Recently, I was sitting at dinner with a group of friends. One of them, a teacher who we’ll call Amy, sat down and almost immediately said something to the effect of, “Betsy Devos has no idea what she’s doing. She wants to privatize education. I’m a conservative on everything but education.”
I replied by asking my friend what she meant exactly by “privatize.” If she meant things like school choice, charter schools and vouchers, then I suppose the answer was yes, at least to the extent that parents and students choose to take advantage of those opportunities.
Amy is pretty smart, and she knew her side of the argument’s talking points, the primary one of course being that such programs “take” students, and therefore money, from some public schools and shift those dollars to private schools or other public schools. And naturally I replied with the same points our state’s leaders have been stating for coming on 10 years: These policies are about empowering parents to control their child’s education and giving students opportunities they would otherwise never have.
What I did not say, and probably best given the circumstances, was the obvious conclusion to both our arguments: Fewer students in public schools, or at least a shift in where the students go, means fewer public schools, which means fewer public school teachers. But that does not mean fewer overall teachers.
Thinking back to that exchange, the first thing that came to mind was Amy’s assertion that, “I’m a conservative on everything but education.” This is nothing new; I know several public-school teachers for whom this is the case. On issues like taxes and government spending, they want a smaller government; they like “law and order” and a strong national defense.
So the question becomes, why not with education? Why not let the parents, those who should bear the ultimate responsibility for raising their own children, make a decision they believe will maximize their children’s chances at future success? Why not give a child an opportunity he or she might otherwise have never had?
But Riley, school choice does not apply only to people in failing schools in big cities or the drug-riddled small town! Of course, but basically everybody pays property taxes, and it is the state of Indiana’s job to provide education. The Bernie Sanders and Elizabeth Warrens of the world were (probably) never going to buy these arguments, or at least these reasons, anyway. This article was never meant for them—but it is meant for those teachers, like my friend, who otherwise are fairly strict adherents to conservative orthodoxy.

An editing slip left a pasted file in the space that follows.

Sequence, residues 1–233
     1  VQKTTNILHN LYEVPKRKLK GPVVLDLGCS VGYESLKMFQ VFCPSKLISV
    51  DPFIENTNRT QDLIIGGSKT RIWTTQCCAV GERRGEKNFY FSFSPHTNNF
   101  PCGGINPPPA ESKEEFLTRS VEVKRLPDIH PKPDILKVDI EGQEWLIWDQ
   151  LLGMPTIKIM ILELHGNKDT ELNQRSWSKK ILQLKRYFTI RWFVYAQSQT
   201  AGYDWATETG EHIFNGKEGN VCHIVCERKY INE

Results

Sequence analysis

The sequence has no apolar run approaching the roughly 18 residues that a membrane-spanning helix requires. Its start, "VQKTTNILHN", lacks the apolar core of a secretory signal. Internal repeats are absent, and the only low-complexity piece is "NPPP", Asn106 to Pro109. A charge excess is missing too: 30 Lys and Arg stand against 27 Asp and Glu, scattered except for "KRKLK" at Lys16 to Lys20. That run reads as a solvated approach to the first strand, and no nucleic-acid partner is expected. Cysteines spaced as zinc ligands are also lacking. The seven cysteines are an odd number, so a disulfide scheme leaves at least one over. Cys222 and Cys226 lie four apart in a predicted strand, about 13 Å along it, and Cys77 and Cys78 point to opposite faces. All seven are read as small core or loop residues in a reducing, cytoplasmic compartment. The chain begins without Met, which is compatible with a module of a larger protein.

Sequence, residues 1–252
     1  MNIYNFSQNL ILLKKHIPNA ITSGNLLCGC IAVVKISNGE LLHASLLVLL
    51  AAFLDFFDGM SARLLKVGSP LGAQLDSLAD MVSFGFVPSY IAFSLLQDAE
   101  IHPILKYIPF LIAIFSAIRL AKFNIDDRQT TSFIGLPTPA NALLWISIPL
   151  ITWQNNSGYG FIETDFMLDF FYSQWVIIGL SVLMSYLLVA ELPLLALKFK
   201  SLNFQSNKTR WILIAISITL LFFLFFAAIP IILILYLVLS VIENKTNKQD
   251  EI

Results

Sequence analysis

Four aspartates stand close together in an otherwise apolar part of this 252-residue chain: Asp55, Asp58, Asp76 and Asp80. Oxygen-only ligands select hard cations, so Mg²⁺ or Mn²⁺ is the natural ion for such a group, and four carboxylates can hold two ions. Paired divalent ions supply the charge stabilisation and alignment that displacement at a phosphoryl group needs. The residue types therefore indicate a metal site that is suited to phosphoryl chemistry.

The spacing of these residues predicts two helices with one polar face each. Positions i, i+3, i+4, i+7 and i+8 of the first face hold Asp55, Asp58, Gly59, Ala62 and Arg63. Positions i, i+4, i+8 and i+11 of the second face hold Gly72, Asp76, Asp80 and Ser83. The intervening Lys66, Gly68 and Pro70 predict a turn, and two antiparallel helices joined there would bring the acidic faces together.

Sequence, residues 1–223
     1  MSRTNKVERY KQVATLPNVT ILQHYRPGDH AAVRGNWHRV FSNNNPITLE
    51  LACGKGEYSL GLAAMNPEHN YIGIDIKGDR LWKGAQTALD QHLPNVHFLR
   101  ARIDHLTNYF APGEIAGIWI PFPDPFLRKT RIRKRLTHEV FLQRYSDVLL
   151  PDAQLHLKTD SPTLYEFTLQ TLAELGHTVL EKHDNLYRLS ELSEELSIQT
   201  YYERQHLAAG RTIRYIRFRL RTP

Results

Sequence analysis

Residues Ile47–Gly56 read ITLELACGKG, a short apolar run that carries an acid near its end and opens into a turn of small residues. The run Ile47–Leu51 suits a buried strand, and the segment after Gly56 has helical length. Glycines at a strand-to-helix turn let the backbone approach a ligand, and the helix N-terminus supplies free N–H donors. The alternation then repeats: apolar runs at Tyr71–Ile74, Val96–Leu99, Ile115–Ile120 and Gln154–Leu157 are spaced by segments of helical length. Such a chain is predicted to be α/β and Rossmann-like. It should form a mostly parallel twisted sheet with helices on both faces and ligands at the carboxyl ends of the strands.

So the question is why? Why do otherwise conservative people not apply those same fundamentals to education? Perhaps, or so the argument goes, there are in fact conservative elements to a pro-public school-at-the-expense-of-everything-else approach: local control, leaving decision-making to those on the ground, supporting communities, too much regulation on things like testing, and family involvement in the local district. These are powerful arguments. But they are not mutually exclusive with education policies that promote freedom and opportunity.
There are other factors to consider too: If you remove the requirements the federal government imposes on education, how much easier would teachers have it? Do non-public school teachers support their students, school and community any less? Do parents of kids who attend non-traditional public schools?
To those who view school choice, vouchers, charter schools, and the like as something less than the ideal vision simply because they are not traditional public schools, consider an alternative perspective: that of the parent and the child. And I’ll do the same for you.•
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Parr is a student at the Indiana University Robert H. McKinney School of Law in Indianapolis and is treasurer of the Indiana Young Republicans. Send comments to firstname.lastname@example.org.